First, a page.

Nick Shanman has always loved performing, especially if it makes people laugh.
“My dad said I put on a pirate costume when I was 4 and I wouldn’t take it off for a year,” says Shanman, 27, a graduate of Northeastern University class of 2018.
The days of playing pirate in his living room are long gone, but Shanman is still making people laugh––it’s just on a much larger stage. With his first Off-Broadway show, “I Mostly Blame Myself,” the Northeastern graduate is performing to sold out crowds at The Players Theatre in Greenwich Village. If laughter is a drug, Shanman is riding high.
“When you’re up there and you get that laugh from something you wrote or something you’re saying, there’s just no better high,” Shanman says.
A series of thoughtful, humorous sketches based around a common theme that changes every few months, “I Mostly Blame Myself” is a showcase for Shanman, the creative force behind a show that has had a winding path to the Off-Broadway stage. Shanman’s recent success as a writer/director/actor didn’t happen overnight.
The Off-Broadway version of “I Mostly Blame Myself” hit the stage in July, but it’s actually the third iteration of Shanman’s sketch comedy show. After graduating from Northeastern with a degree in business–“I got it to make my parents happy,” Shanman jokes–and a minor in film production, Shanman, like many young artists chasing stardom, moved to L.A.
Throughout his time at Northeastern, he was making short films with other students. He hopes to take that experience and apply it to bigger and better projects but found he was mostly shooting documentaries for other directors. But in his spare time, he wrote and filmed a pilot version of “I Mostly Blame Myself” with a few friends.
“I just wanted to create a show that was really all about dark yet relatable sketches that people could connect with,” Shanman says.
He successfully pitched and released the 15-minute, three-sketch pilot to YouTube where it quickly racked up about 90,000 views. Ultimately, the pandemic threw a wrench in Shanman’s plans for the show, and he moved back east to New York City, turning instead to the film and theater scene there.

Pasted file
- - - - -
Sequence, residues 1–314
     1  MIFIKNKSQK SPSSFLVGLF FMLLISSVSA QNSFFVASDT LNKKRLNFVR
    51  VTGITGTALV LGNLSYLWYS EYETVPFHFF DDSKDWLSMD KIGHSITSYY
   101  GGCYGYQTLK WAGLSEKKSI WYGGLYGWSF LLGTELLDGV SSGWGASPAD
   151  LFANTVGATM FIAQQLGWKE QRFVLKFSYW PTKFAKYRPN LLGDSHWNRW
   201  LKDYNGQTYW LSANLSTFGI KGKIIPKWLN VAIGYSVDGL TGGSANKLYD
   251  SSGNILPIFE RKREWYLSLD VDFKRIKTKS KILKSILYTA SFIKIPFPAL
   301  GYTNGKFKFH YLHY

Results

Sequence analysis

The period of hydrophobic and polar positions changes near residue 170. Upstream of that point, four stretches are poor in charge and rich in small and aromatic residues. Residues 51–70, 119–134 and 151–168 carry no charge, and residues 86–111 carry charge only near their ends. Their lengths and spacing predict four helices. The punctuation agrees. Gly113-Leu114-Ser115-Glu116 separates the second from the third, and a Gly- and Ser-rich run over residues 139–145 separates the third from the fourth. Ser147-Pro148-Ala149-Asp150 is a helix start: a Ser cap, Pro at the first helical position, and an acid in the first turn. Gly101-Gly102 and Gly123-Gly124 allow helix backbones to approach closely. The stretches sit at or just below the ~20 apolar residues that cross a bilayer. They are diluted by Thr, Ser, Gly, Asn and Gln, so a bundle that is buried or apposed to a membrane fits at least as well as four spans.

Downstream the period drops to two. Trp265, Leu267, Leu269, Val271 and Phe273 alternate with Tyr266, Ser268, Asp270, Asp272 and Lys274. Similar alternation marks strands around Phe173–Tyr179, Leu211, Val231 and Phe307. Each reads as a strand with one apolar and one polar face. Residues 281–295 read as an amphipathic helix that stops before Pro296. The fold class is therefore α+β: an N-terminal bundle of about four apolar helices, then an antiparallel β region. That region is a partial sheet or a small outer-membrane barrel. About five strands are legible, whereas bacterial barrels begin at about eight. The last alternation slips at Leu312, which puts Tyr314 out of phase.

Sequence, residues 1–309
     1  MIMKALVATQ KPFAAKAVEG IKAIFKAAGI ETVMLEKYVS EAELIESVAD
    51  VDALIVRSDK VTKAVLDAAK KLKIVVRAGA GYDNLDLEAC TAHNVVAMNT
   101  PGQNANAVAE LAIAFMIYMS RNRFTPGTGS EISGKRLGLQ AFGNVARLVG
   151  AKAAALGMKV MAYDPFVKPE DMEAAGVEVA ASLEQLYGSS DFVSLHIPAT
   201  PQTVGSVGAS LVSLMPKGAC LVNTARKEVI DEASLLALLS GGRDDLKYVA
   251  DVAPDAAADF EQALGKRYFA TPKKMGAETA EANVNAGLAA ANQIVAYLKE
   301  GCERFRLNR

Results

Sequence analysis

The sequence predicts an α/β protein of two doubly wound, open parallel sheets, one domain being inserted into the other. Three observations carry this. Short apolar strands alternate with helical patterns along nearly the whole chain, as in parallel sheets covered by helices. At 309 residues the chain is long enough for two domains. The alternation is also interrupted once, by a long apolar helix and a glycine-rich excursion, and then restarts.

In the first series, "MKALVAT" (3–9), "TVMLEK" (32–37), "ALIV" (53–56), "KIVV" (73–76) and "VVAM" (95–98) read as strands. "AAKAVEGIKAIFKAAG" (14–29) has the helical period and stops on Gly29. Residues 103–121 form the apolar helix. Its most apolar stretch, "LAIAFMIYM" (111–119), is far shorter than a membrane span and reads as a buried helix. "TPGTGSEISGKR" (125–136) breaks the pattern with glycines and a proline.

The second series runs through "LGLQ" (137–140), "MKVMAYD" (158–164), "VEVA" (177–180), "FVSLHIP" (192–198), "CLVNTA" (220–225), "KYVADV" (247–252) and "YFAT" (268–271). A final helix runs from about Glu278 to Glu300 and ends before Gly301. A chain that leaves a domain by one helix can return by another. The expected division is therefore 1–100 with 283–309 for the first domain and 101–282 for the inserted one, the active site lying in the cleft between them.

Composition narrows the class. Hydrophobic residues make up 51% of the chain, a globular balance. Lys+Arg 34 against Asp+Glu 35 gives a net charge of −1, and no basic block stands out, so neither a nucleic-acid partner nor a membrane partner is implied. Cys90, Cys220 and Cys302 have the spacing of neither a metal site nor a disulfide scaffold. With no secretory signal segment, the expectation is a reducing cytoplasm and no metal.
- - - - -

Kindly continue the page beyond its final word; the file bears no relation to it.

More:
By the time 2021 rolled around, theater companies were looking for ways to get back audiences after a 19-month shutdown during the COVID-19 pandemic, including finding new acts. Shanman pitched a live, theatrical version of his YouTube pilot to several theaters and ended up securing a test run performance at the 50-person black box in The Players Theatre.
Despite having no cast or crew, Shanman pulled the show together in two months and sold out the first performance in August 2021, even receiving a standing ovation.
In transferring the show to the stage, Shanman had to make some changes.
“The original pilot was a little darker, a little sadder, like that type of comedy, and with the theater, we wanted to make it a little bigger, a little more digestible,” Shanman says.
The stage show features more movement and more musical numbers, which have become such a huge hit with audiences that Shanman makes sure to include at least three in every show.
“Half of us are not dancers, which made it even funnier, but we worked our asses off to get on the same page,” Shanman says.
After the test run, Michael Sgouros, owner of The Player Theatre, offered Shanman and the show a full residency for the remainder of 2021. Until June 2022, when it ended its Off Off-Broadway run, the show had sold out each of its bi-monthly performances. When Sgouros offered Shanman the chance to bring the show to the theater’s 180-person main stage for its first off-Broadway run, Shanman jumped at the opportunity.
“Hearing 180 people laugh is so much more satisfying than 50 people laughing,” Shanman says.
Going from Off-Off-Broadway to Off-Broadway–the definitions are based on crowd capacity–came with some new challenges. Shanman had to learn to relinquish some creative control, something he was initially reluctant to do. Shanman wrote and directed the original YouTube pilot by himself, but now, with a cast of trained actors, there are more cooks in the kitchen.
“When you’re doing a show in Manhattan … and bringing the script to eight actors, some of them are writers, some of them don’t think their character would say that,” Shanman says.
Now, the entire cast is involved in writing sketches, which has given them a new sense of connection to the show.
“When people are performing in the show, you want them to be proud of it, you want them to be happy doing it, comfortable doing it,” Shanman says. “You want to make sure they’re just as excited and think it’s just as funny as you do.”
That doesn’t mean Shanman is any less involved. He still writes or has a hand in the majority of sketches. And while he originally resisted the idea of putting himself in sketches, he’s now, due to the encouragement of his castmates, in almost every single sketch, including the musicals.
Shanman has been overwhelmed by the response to “I Mostly Blame Myself.” He’s dreamt of “making it” as a writer and director since he wrote his first feature length script as a junior in high school.
At the moment, he still has a day job working as a digital marketer for Slate, a lactose-free chocolate milk startup created by two fellow Northeastern graduates. But he hopes the success of “I Mostly Blame Myself,” which has its next show on Sept. 17, will be a way for him to transition into feature film work. His role model is sketch comedy-genius-turned-horror-maestro Jordan Peele for a reason.
“This is the first thing for me that has actually been tangible, and it’s put me in a position where I’m actually getting a lot closer to my goals,” Shanman says. “This coming to life has given me the motivation and the energy and the inspiration to keep pushing forward as a writer and a performer.”